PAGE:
I've long viewed Veterans Day through misty eyes. As the offspring of a proud, disabled World War II Navy vet, I couldn't have turned out any differently.
High on every parent's "worst fear" list is the worry that his or her child will get lost, especially if the youngster has a disorder that would prevent him from communicating with others.
So news broke hot and heavy at last week's end on all local media concerning an alleged financial fraud involving Celia Gallardo and her various Gold Feather companies. I swear, only coincidence led me to write a column on Sept. 7 regarding Vital Express.
Raising teenagers is one of the most challenging experiences that a parent will ever go through.
Proposition 8 sought to undo a recent court order that overturned the will of the people on the issue of gay marriage.
Face it, Republicans, we lost.
All things considered, the 2008 Republican National Convention in Saint Paul, Minn. was about John McCain. It was carefully structured to show the American public that his experience, heroism, and independent spirit uniquely qualifies him to lead our country. It was truly the "John McCain Show", but the piece de resistance of the entire conference was the speech delivered by his vice presidential running mate.
This spring the American Beauty Homeowners Association 1 topped the eucalyptus trees that lined the river bank.
As Sen. McCain led delegates to the Republican convention in a chant of "Drill, baby, drill" and our own City Council heard complaints Tuesday night about the bias of certain council members in relation to the huge proposed hospital expansion, the issue of special-interest money influencing politics once again raises questions.
Free at last! Free at last! Thank God, we're free at last!
Legend has it that when Rome was aflame during the Great Fire of A.D. 64, Emperor Nero dressed himself up in stage costume, plucked upon his lyre, and sat out the catastrophe singing the "Sack of Illium."
Today I'd like to share my thoughts about the future of political discourse for people in the Santa Clarita Valley. I want to address the GOOD Republicans and the GOOD Democrats of the valley, which I'll address later in this column.
Governing California is serious stuff. California is home to more than 35 million people. Our state budget is over $110 billion.
Dateline: Nov. 5, 10:05 p.m., my living room couch.
The countdown is on. T-minus 14 days until my favorite season of the year begins.
Black History Month has passed, but I remain inspired by Martin Luther King Jr.'s dream that we would not be judged by the color of our skin, but by the content of our character.
The record dry year we are in has been in the news. Primarily the editorials and citizen feedback have been calls for more conservation.
It is a rare occasion that I write nice things about a Republican politician. Very rare.
I wasn't expecting an ethics lesson when I turned on the Winter Olympics, but one jumped out at me anyway.
Over the past decade, Safe Action For the Environment Inc., the city of Santa Clarita and other community leaders have battled to save Soledad Canyon from the planned Cemex mega-mine, seeking cancellation of two 10-year contracts in which 56 million tons of aggregate would be extracted from the proposed mine site just outside Santa Clarita city limits.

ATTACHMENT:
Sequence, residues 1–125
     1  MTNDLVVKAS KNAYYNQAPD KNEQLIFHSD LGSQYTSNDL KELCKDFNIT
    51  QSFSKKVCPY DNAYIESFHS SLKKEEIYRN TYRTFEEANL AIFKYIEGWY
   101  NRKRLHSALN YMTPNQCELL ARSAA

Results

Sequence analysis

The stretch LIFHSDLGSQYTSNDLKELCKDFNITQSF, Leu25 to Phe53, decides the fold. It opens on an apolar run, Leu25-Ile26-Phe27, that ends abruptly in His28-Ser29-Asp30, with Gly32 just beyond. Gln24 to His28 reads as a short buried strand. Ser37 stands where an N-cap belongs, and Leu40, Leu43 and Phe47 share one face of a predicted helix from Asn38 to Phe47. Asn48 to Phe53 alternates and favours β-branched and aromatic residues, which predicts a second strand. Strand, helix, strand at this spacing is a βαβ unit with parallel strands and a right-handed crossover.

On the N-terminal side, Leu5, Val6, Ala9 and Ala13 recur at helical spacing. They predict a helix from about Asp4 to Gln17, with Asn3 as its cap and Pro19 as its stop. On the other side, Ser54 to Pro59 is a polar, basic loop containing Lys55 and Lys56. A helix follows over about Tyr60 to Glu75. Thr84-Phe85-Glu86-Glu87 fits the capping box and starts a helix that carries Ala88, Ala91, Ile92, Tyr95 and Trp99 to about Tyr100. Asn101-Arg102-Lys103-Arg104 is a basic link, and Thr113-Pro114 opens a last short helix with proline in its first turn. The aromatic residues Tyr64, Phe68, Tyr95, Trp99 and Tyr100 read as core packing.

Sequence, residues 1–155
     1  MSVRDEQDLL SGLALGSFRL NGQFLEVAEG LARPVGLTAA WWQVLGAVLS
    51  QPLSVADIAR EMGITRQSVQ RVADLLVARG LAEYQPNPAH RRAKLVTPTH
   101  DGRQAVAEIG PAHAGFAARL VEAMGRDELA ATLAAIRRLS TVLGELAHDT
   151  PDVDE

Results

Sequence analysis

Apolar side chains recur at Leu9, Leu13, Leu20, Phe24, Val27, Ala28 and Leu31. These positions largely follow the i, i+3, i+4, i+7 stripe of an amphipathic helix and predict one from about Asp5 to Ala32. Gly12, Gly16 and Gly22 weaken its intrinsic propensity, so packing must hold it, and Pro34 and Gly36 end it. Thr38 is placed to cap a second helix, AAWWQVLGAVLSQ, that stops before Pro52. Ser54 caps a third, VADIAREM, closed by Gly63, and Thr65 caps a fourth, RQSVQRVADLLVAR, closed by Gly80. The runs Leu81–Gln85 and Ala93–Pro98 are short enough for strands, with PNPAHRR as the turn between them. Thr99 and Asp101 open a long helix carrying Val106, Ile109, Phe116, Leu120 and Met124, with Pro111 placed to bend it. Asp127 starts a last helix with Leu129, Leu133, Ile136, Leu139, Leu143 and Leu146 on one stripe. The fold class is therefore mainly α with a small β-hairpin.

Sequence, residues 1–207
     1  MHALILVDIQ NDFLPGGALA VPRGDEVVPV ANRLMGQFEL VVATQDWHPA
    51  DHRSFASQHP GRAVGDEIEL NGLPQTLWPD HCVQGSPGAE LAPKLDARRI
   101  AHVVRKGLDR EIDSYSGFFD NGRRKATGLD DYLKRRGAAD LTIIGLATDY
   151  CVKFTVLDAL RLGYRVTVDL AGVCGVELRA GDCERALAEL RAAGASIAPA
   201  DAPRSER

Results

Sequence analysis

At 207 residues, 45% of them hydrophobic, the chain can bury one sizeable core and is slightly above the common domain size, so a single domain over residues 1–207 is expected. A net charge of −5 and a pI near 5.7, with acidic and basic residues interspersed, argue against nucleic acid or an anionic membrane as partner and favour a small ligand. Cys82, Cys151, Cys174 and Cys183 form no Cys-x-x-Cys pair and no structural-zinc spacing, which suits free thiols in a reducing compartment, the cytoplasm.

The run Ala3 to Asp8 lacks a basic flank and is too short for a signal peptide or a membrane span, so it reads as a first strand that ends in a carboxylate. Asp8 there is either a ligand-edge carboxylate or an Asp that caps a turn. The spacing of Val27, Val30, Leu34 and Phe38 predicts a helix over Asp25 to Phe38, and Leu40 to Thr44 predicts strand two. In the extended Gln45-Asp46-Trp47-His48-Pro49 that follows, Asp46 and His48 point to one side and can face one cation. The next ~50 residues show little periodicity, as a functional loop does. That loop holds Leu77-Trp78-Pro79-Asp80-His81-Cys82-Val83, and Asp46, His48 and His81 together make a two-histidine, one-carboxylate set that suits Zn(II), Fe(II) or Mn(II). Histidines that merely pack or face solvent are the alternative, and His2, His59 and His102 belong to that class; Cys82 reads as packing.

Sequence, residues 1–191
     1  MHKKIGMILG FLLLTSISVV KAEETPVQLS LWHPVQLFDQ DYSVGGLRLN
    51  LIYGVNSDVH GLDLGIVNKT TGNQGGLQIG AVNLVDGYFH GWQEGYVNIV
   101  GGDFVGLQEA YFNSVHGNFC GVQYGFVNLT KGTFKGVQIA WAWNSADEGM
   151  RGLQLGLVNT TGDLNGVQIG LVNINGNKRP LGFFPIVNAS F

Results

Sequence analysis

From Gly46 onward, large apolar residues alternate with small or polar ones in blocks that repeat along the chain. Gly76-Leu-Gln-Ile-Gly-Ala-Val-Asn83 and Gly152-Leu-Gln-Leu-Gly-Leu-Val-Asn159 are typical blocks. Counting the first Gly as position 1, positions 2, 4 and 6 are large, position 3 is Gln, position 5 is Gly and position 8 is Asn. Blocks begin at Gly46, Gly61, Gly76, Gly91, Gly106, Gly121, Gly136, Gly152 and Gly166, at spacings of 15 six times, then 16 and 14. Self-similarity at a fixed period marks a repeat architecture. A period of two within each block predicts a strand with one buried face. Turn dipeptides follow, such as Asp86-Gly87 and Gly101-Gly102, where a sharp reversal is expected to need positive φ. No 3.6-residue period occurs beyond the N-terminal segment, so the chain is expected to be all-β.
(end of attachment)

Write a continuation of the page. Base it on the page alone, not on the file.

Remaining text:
As most readers know by now, I am in the midst of finishing out my last few weeks as a Santa Clarita City Council member.
President Barack Obama is undeniably thin-skinned when it comes to allowing any credence to anyone who disagrees with his policies.
Well, the Health Gestapo are at it again. According to a Feb. 25 Los Angeles Times story, "A Los Angeles City Council panel on Monday endorsed an array of restrictions on e-cigarettes that would prohibit the vapor-emitting devices from being used in most workplaces and a number of public spaces.
Many proposals have been put forward to address California's drought crisis, from more water recycling and groundwater cleanup to desalination plants, better conservation, and the latest state proposal to build $25 billion to $52 billion worth of new canals to transport Bay Area water to Southern California.
We are in the midst of another campaign for election to Santa Clarita City Council, and a number of candidates can be expected to talk about the usual: jobs, good schools, recreation for youth and beautification among them.
They say we're headed for a pretty good rain later this week. The comfortable moisture on our skin and fresh scent in the air might have us feeling "everything's better again," but wishful thinking won't fill half-empty reservoirs.
Leave it to the Republicans to try to legalize discrimination against a minority.
The Signal recently printed a story regarding the eradication of billboards along the railroad tracks next to Soledad Canyon Road and Railroad Avenue. This is a matter of importance that I wanted to be heard on before it comes to the City Council for consideration Feb. 25.
In the past few months I have watched in anguish as four very good friends of mine, good people all, have ended their marriages in divorce.
Residents who spend time out and about in Santa Clarita are bound to come across local art. From outdoor pieces like the iconic California Bear Project to indoor galleries featuring art created by local students, Santa Clarita's art showcases our community's own unique identity in an imaginative way.